Die Beteiligten: Seitenrang links from theatertreffen-blog on Vimeo.

16. Mai 2011 - 19:25 Uhr

Live-Blog vom Publikumsgespräch zu „Nora“

Heute Abend gehen die so genannten „Herbert-Fritsch-Festspiele“ am Theatertreffen zu Ende. Vorher gibt es aber um 22.15 Uhr noch ein Publikumsgespräch zu „Nora“. Wir bloggen wie immer live und berichten, was passiert, wenn „Biberpelz“-Hasser auf „Nora“-Liebhaber treffen. Oder umgekehrt. Und vielleicht kommen wir ja auch Fritschs heissdiskutiertem „Luder“ auf die Spur.

22:13h: Fast nichts an diesem Theatertreffen ist so umstritten wie Fritschs Frauenbild. Mal sehen, was für Frauen beim Publikumsgespräch auftauchen… Bis jetzt: vorwiegend Damen in grau, frisch frisiert und über 50. Keine Luder.

22:14h: One minute til the talkback’s supposed to start, and Fadrina and I are feeling, weirdly, unprepared – flipping through the Theatertreffen booklet like bad schoolkids studying last-minute for a test. Who was in this play again? Who’s going to be talking to us? At least we know who the director is…

22:15h: Kleider-Check bei uns beiden. Fadrina: ebenfalls grauer Pullover, also unbeabsichtigt im unabgesprochenen Dress Code des Abends. Cory hingegen: rot! (Aber auch nur, nachdem sie ihre graue Jacke ausgezogen hat.) Wenigstens ein Farbtupfer im Publikum.

22:20h: This play wasn’t surtitled in English. I wonder if there were any English speakers in the audience? The play was pretty to look at but as far as the content – well, non-German speakers wouldn’t necessarily get much less out of it than German speakers. (Maybe not so true of this bilingual live-blog…)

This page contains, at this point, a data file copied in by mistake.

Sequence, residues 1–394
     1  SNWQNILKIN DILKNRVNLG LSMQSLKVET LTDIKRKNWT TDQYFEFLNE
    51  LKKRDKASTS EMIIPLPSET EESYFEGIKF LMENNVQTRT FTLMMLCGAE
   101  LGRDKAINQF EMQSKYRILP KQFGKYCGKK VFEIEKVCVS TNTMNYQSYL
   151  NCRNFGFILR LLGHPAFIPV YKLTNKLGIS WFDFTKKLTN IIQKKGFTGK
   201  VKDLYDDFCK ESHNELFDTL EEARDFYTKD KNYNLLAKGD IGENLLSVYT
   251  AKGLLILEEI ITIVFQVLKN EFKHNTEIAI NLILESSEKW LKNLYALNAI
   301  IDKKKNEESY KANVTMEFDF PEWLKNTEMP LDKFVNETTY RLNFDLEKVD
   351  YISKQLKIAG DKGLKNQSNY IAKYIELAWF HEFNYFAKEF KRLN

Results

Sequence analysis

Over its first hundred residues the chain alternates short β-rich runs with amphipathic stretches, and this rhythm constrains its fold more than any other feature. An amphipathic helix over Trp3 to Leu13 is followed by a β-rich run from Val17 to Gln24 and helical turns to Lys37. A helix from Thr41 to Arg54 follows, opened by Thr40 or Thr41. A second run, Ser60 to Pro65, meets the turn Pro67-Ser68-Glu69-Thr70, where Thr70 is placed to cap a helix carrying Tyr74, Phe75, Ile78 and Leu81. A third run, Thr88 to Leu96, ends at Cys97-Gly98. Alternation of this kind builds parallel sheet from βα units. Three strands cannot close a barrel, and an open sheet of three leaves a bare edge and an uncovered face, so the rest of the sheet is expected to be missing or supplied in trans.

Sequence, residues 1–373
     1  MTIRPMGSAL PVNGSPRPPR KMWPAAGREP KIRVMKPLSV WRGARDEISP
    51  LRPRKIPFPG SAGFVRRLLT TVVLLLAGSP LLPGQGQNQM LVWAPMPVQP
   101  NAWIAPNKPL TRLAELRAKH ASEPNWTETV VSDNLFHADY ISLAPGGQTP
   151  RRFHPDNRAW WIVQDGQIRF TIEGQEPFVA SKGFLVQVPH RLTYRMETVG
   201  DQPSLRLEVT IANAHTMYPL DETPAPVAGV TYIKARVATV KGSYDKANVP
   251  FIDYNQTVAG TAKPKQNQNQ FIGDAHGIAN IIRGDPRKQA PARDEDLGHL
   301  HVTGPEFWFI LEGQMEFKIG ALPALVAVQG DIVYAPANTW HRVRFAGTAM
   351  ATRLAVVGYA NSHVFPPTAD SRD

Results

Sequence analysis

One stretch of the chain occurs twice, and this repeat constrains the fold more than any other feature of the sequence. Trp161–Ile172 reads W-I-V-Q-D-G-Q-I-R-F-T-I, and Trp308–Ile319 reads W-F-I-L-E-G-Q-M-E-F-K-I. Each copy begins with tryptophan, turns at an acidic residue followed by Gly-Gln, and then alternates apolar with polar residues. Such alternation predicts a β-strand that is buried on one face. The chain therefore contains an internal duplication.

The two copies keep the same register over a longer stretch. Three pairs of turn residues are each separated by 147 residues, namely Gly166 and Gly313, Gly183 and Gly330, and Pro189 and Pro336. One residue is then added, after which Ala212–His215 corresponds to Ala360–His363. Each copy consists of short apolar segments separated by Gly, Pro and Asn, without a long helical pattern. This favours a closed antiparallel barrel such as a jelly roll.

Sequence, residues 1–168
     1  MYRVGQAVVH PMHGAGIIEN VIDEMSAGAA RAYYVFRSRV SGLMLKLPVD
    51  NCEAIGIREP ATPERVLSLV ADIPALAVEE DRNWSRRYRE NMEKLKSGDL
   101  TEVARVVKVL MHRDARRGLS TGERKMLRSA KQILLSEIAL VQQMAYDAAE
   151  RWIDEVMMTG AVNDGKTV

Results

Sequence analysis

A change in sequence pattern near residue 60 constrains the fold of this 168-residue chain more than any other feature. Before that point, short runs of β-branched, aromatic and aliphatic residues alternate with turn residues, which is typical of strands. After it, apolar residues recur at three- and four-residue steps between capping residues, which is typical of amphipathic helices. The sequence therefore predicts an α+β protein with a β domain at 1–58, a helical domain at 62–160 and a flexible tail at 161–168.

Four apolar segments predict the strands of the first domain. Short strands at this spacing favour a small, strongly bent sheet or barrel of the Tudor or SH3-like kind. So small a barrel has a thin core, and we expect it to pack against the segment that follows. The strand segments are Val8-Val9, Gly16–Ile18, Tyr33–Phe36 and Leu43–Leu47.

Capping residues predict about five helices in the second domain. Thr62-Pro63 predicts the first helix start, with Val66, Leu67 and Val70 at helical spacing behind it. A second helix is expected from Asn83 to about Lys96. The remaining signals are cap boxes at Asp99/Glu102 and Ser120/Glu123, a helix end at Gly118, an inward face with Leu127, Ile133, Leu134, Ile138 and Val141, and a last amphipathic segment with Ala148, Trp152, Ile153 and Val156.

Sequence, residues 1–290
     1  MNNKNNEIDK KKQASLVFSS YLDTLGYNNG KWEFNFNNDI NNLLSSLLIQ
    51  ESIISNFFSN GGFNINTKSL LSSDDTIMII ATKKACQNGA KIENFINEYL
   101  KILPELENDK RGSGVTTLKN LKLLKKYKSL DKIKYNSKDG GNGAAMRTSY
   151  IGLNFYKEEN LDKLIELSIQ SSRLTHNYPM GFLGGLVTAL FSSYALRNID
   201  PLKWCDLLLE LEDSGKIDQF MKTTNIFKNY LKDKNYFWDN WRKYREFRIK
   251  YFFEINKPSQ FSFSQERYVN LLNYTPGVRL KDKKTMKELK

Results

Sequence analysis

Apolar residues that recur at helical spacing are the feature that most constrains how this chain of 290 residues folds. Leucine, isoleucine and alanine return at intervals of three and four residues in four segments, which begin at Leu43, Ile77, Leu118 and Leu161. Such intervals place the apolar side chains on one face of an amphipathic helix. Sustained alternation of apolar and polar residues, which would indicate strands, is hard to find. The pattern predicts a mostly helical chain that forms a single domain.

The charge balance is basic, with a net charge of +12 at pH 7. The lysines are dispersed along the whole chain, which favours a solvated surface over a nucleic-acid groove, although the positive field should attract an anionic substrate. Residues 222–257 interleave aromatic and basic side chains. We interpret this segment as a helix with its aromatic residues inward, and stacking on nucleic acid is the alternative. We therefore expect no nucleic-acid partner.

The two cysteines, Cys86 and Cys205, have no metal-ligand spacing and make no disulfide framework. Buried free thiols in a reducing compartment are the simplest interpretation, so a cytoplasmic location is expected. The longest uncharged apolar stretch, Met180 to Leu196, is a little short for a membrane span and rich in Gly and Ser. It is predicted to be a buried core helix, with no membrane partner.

22:22h: Jetzt geht’s los! …mit Mikroschwierigkeiten…

22:23h: Iris Laufenberg in bunt gemustertem T-Shirt! Danke!

22:24h: Alle Schauspieler plus Herbert Fritsch (natürlich) und der Oberhausener Intendant Peter Carp sind da. Dazu Jury-Mitglied Wolfgang Höbel.

22:25h: Started right away with the good stuff. Feminism.

22:26h: Wolfgang Höbel: „Nora“ ist oft komplett falsch verstanden worden. Da steckt natürlich ein feministischer Gewaltakt hinter der Geschichte, das hat nur keiner bemerkt.“ Damit tut er einem halben Jahrhundert feministischer LeserInnen aber sehr unrecht…

22:28h: Third time I’ve heard Fritsch speak, third time I’ve heard him explain how he didn’t want to do „A Doll’s House“ at all. Something new please?

22:30h: Ein Rätsel lüftet sich: Die Musik aus der Inszenierung stammt aus den Hitchcock-Filmen „Psycho“ und „Vertigo“. Weiterlesen »

15. Mai 2011 - 12:17 Uhr

I saw the Lion King: American theater through German eyes